As California approaches a new system of academic standards, instruction, and assessment, it enters familiar territory. The use of multiple modes of assessment, tight alignment between assessments and expectations for student learning, and a focus on assessment for formative (as well as summative) purposes—all with an emphasis on students’ understanding and ability to apply their learning—mirror the state’s priorities as it transitioned to the California Learning Assessment System (CLAS) in the early 1990s. This policy and practice brief examines the CLAS experience to identify lessons for districts as they implement the Common Core today. Through these lessons, districts across the state might build on promising practices from two decades ago while avoiding some of the pitfalls that undermined the CLAS effort. This brief was an outcome of the California Collaborative meeting Digging Into the Standards: Assessment and the Common Core.
Recent attention to school turnaround often situates the causes for (and solutions to) persistent low performance at the school level. This policy and practice brief draws on the experience of eight California school districts to suggest a more systemic approach to school improvement. By looking at common approaches across all eight districts and by sharing three districts stories more in-depth, the brief demonstrates the ways that districts can leverage their capacity and resources to more effectively achieve growth in struggling schools. Based on this work, the brief concludes with a set of considerations for how the federal government can promote a more systemic and customized approach to intervention in our lowest-performing schools through the reauthorization of the Elementary and Secondary Education Act (ESEA).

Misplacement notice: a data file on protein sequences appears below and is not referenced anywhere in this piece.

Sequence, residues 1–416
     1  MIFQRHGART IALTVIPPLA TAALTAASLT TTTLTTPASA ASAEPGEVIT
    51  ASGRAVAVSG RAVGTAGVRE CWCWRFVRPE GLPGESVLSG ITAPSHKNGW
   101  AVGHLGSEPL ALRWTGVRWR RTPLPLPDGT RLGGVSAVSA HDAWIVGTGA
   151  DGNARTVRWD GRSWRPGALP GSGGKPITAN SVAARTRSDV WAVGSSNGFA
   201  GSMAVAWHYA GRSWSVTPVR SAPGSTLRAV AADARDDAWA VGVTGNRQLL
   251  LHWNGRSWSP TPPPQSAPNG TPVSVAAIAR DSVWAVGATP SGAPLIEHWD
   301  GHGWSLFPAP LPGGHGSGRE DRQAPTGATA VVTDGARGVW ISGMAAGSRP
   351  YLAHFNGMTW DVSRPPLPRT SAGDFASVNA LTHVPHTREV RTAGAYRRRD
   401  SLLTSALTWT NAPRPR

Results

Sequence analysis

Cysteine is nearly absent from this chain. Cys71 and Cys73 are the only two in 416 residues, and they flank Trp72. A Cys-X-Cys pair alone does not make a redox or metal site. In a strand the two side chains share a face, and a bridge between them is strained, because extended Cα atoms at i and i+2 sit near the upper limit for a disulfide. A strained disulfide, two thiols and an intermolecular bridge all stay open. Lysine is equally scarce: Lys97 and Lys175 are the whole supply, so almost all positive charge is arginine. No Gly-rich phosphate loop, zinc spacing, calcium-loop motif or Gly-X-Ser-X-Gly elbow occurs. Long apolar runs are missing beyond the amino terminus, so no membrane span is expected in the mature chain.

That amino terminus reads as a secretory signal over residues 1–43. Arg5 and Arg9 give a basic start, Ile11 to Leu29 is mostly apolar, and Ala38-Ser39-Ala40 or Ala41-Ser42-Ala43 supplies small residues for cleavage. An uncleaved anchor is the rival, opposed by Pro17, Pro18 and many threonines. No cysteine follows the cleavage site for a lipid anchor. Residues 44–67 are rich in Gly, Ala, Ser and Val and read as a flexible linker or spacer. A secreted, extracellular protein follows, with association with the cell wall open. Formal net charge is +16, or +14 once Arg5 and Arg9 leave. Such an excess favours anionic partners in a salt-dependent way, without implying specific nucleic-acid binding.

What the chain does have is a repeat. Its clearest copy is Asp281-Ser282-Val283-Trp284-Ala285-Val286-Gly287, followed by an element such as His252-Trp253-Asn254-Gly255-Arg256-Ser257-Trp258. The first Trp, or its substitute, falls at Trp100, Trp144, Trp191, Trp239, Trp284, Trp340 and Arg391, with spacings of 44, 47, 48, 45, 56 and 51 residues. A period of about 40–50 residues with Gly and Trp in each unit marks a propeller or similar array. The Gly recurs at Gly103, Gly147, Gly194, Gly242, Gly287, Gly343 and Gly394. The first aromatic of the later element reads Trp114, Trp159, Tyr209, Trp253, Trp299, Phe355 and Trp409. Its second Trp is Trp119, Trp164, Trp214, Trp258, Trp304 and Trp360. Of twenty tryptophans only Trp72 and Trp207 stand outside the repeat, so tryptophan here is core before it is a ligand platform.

This policy and practice brief builds on dialogue that began in response to the California State Board of Education’s July 2008 motion to make Algebra 1 the test of record for California’s eighth grade students. While this decision has since been overturned, districts need to continue to think of ways to help all students meet high standards in mathematics, recognizing the gateway that algebra provides to higher mathematics and college access. To this end, the brief discusses ways in which districts can approach the creation of strong K-12 mathematics curriculum, appropriate placement of students in mathematics courses, enhancement of instructional capacity, and provision of supports for struggling students given the current fiscal and political context in California. The brief concludes with a set of policy recommendations.
In October 2007, EdSource hosted a policy convening in response to findings from the Getting Down to Facts research project. These four briefs were prepared by a working group of district Collaborative members to inform the dialogue of this “Getting from Facts to Policy” conference. They advocate for new state policy in the areas of (1) governance and finance, (2) standards based funding and accountability systems, (3) accessible and informative data, and (4) teacher preparation and development.